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Dcat

some interesting PFF data on WR class

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This is % of receiving targets by route:

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This is % of receiving yards by route:

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Its interesting to see the break down of where these guys did their most damage,  but a lot of this is explained by the offenses being run at their particular schools and what these guys are asked to do. 

So for instance a high percentage of lambs yardage comes on crossing routes.  A large portion of what Riley does on offense is built around his mesh concept and his shallow screen game.  So even not seeing that data i could have told you that lamb received a large chunk of yards on crossing patterns, or that Higgins caught a lot of verticals or out routes (Clemson favors stick concepts in which the outside receiver has an option route to run either a vertical or quick out depending on DB alignment and depth).

 

 

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That is interesting.  I'm not sure what it tells us(obviously other than exactly what is says.) But this is the true value of PFF in my book, I like the data they produce.

Some things that stand out to me is that Lamb, who has concerns from some about his"route tree" doesn't seem to have any heavier reliance on a particular route or two than anyone else.

Aiyuk having nearly 50% of his targets on screens and go's is somewhat of a red flag to me.

For a "Big" Receiver, Higgins didn't do much shirt and intermediate middle.

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The one thing that jumps out at me from that is how diverse Ruggs' route tree is.  No concentrations of any one type of route; 14% slants is the highest percentage of any routes raun.  

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That is some damning numbers for Aiyuk. It's Tavon Auatin like and should scare any team.

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39 minutes ago, Lith said:

The one thing that jumps out at me from that is how diverse Ruggs' route tree is.  No concentrations of any one type of route; 14% slants is the highest percentage of any routes raun.  

I was just about to name Ruggs Mr. Diversity.  He does everything.  And well.  Jeudy too

 

36 minutes ago, RobR said:

That is some damning numbers for Aiyuk. It's Tavon Auatin like and should scare any team.

I was thinking that too. 

Again, there's merit to the point that the offense dictates what the players are to do, but still you have to figure that smart coaches would play to each of their strengths. 

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1 minute ago, Dcat said:

Again, there's merit to the point that the offense dictates what the players are to do, but still you have to figure that smart coaches would play to each of their strengths.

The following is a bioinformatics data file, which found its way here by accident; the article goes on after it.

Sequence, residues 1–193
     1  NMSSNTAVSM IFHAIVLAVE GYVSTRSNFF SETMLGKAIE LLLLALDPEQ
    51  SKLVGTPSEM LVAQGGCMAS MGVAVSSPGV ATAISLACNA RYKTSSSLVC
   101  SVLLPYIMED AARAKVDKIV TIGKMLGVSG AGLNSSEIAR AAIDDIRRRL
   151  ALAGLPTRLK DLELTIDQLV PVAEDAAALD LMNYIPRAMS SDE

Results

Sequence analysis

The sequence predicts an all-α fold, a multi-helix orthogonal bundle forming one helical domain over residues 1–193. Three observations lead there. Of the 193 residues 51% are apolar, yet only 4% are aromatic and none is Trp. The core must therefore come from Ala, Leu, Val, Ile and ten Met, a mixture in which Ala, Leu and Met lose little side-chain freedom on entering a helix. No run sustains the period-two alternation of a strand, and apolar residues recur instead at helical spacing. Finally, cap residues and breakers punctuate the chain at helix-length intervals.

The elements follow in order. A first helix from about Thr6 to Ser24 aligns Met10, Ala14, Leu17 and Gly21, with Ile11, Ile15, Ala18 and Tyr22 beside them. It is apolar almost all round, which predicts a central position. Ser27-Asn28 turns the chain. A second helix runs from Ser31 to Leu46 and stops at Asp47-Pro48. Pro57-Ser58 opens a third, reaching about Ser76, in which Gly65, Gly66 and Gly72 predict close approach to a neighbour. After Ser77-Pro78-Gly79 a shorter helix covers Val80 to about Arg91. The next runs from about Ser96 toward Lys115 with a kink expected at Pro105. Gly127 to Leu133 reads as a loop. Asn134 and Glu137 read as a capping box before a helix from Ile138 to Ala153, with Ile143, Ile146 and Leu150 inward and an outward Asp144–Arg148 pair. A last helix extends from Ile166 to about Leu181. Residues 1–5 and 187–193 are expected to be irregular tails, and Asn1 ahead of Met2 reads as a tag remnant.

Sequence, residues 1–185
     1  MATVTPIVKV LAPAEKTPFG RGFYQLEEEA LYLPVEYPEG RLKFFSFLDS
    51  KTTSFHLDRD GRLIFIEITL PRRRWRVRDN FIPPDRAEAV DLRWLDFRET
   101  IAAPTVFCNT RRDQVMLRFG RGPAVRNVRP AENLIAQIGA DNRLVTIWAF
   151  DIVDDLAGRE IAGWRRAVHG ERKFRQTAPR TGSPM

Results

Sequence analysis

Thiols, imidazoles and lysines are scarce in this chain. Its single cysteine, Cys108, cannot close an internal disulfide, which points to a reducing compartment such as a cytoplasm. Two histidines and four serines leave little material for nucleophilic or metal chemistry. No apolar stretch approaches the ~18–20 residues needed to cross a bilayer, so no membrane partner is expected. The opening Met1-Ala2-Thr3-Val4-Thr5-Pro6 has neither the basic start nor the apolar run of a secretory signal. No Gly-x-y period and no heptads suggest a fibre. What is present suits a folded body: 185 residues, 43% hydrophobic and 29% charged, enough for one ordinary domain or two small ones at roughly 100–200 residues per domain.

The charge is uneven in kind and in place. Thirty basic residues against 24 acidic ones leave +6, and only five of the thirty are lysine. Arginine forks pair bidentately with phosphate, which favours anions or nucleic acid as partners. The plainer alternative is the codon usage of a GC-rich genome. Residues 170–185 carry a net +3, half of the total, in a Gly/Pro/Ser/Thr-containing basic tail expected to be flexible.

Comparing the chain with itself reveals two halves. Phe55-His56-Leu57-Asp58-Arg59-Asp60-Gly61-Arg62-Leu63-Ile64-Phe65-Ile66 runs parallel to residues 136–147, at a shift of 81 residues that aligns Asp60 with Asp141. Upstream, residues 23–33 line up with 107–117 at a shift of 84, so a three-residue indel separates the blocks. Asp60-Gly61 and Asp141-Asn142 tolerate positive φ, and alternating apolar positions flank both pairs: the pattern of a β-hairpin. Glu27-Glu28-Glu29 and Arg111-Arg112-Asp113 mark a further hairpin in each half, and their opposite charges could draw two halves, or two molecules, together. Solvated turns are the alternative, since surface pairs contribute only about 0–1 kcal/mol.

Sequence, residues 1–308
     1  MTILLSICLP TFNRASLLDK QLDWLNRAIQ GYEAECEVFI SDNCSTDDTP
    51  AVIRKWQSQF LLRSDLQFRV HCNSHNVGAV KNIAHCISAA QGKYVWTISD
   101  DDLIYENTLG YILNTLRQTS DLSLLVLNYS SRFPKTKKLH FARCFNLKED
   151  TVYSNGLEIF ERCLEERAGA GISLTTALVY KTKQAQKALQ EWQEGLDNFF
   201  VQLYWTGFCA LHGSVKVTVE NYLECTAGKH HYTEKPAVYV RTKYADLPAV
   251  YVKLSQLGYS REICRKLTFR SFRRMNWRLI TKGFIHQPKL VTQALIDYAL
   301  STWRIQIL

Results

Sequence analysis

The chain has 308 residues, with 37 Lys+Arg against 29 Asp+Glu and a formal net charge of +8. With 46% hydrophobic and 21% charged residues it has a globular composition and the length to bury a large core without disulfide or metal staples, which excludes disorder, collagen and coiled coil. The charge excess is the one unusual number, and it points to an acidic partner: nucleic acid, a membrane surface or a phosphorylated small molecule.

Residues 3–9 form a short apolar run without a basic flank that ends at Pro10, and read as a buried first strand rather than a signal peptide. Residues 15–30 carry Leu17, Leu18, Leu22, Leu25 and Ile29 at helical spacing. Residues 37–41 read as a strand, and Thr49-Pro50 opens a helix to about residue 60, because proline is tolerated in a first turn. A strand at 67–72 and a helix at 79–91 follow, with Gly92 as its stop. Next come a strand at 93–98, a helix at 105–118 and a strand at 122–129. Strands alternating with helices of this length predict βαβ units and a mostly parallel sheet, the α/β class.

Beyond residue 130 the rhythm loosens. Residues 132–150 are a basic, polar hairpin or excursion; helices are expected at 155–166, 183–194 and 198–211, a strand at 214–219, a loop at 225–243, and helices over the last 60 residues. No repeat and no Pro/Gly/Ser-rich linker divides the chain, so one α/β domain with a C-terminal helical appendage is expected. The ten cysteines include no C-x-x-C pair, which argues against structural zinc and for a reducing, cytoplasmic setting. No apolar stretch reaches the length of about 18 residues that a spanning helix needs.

Those guys that catch the bulk of their balls behind the LOS never seem to work out. It's why I was dinging Watkins when everyone was considering him the best WR in the draft that year. Evans was always my guy from the get go and that led to some great discussions.

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I think that % of targets is obviously heavily influenced by offensive scheme, but % of yards gives you a very revealing picture of just how successful that player was at that route. 

Ruggs, Jeudy, Higgins and Pittman for example on go routes.  Compare the differential on % of targets to % of yards and look at the gap.  Much higher % of their yards than targets for go routes.  These guys are successful at those.  Now look at CeeDee, Mims, Aiyuk.  % of targets and % of yards for the go route about the same.  Not as much success on go routes?  

Either that or Ruggs, Jeudy, Higgins and Pittman just flat out suck at the other routes.  :)

 

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53 minutes ago, RobR said:

That is some damning numbers for Aiyuk. It's Tavon Auatin like and should scare any team.

I would consider in Aiyuk’s case how lame the ASU offense was, part of that is simply having a QB with limitations- so much that he was voted the least accurate QB in the Pac 12. The other part of the equation is that Aiyuk has elite field vision/YAC and it’s also why he’s a very good return man as well. If you watch him play he really treats every pass like he’s returning a kick out there

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Doesn’t factor in YAC in context of breaking tackles and playmaking with the ball... some guys - most guys - catch it and get hit and are tackled... some guys not so much 

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7 hours ago, Lith said:

The one thing that jumps out at me from that is how diverse Ruggs' route tree is.  No concentrations of any one type of route; 14% slants is the highest percentage of any routes raun.  

First thing I noticed too.

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9 hours ago, Lith said:

The one thing that jumps out at me from that is how diverse Ruggs' route tree is.  No concentrations of any one type of route; 14% slants is the highest percentage of any routes raun.  

It is very interesting, and shows how versatile Ruggs is. He's not just a speed receiver, although he has great speed, and runs a very diverse variety of routes.

I'm really warming to the idea of Ruggs in the 1st round, if we don't have an OT we like there when our pick comes up.

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11 hours ago, cant wait said: